The COVID-19 Pandemic and Its Impact on Women in Guatemala

By: Rosalina Tuyuc Velásquez Katherine Marshall

July 23, 2020

Religious Action on COVID-19: Efforts in the Field

Katherine Marshall: In early July, I received by email a note and paper highlighting the difficult situation of Guatemala’s indigenous women during the COVID-19 crisis. The writer, Rosalina Tuyuc Velásquez, is a remarkable Mayan leader from Guatemala, a colleague and friend who was honored by the 2012 Niwano Peace Prize, a major international award.

Rosalina was born in San Juan Comalapa, Guatemala, to a Christian family with strong indigenous spiritual and cultural roots. She worked as a teacher and auxiliary nurse and became active in women's groups and handicraft, agriculture, and animal breeding cooperatives. During the Guatemalan Civil War, her father and husband were kidnapped, tortured, believed to be murdered, and she herself was sought by the Guatemalan government as an activist. In 1988, Tuyuc and other affected widows founded the National Association of Guatemalan Widows (CONAVIGUA), now a leading Guatemalan human rights organization that pioneers active, peaceful resistance. It promotes full equality for women and respect for human rights, challenging Guatemala's military ethos and governance, and is an important voice for Guatemala’s Mayan community. Several thousand women, organized into 300 local groups, address issues such as sexual violence and the impunity of paramilitary structures. She has held various positions in Guatemalan politics, serving as a National Congress member and magistrate in the first Court of Conscience of Guatemalan Women.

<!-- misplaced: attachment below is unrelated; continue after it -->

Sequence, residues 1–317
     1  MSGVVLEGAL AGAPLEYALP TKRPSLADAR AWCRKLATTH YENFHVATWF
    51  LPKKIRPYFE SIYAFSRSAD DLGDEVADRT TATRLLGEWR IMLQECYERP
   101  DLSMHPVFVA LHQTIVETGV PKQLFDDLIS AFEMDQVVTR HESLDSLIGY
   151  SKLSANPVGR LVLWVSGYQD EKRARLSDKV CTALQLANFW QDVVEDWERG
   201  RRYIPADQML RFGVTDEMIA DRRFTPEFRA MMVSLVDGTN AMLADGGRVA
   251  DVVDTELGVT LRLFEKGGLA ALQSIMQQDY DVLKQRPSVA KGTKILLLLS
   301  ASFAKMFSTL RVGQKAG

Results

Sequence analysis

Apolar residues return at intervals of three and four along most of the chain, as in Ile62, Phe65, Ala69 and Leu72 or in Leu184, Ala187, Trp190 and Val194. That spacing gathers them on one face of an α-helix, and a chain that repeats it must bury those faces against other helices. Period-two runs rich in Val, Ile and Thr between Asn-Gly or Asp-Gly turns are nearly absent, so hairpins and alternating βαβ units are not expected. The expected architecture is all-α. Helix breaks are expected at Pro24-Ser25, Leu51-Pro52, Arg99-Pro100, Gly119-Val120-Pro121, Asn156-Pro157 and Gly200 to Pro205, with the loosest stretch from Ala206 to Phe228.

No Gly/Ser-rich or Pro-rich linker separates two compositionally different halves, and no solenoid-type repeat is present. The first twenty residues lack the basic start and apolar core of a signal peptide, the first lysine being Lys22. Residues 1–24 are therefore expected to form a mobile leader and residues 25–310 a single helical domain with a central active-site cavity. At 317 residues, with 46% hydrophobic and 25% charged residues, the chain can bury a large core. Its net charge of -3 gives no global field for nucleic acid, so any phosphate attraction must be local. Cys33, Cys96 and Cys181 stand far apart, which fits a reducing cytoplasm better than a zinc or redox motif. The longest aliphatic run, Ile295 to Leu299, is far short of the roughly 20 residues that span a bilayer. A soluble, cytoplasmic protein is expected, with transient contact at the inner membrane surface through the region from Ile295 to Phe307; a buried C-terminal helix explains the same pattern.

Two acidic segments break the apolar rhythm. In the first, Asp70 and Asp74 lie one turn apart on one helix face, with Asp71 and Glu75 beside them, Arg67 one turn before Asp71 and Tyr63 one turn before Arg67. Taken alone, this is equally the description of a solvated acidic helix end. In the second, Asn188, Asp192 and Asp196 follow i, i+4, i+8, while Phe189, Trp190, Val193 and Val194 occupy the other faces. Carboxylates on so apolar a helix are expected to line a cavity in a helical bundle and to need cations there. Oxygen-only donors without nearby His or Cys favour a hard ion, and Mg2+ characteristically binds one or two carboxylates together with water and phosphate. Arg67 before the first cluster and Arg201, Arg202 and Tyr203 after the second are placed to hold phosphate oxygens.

The following is Rosalina’s witness as to the impact of the COVID-19 crisis on women from indigenous communities. It distills a lengthier account that describes the many vulnerabilities women in these regions and communities face and the ways in which their entrepreneurial spirit supports them. It highlights CONAVIGUA’s initiatives that support climate smart farming and crafts, health, and nutrition, and details the ways in which the COVID-19 emergency undermines the welfare of Mayan communities.

Rosalina Tuyuc Velásquez: Indigenous women are keenly aware that the COVID crisis has worsened the deep structural crisis they have long faced in Guatemala. COVID exposes the absence of state services in indigenous areas and neglect of health, education, and nutrition. Even during the crisis, the government is not helping its most vulnerable people. Its focus has been on the cities, not rural areas. Indigenous women, who live mainly in rural areas, have always been neglected because they carry the triple burden of being poor, being female, and being indigenous. Now, they fear that the pandemic will exacerbate this maltreatment and neglect. They worry about their children; with schools shut, indigenous children and young people lack the economic and technological resources to continue their studies.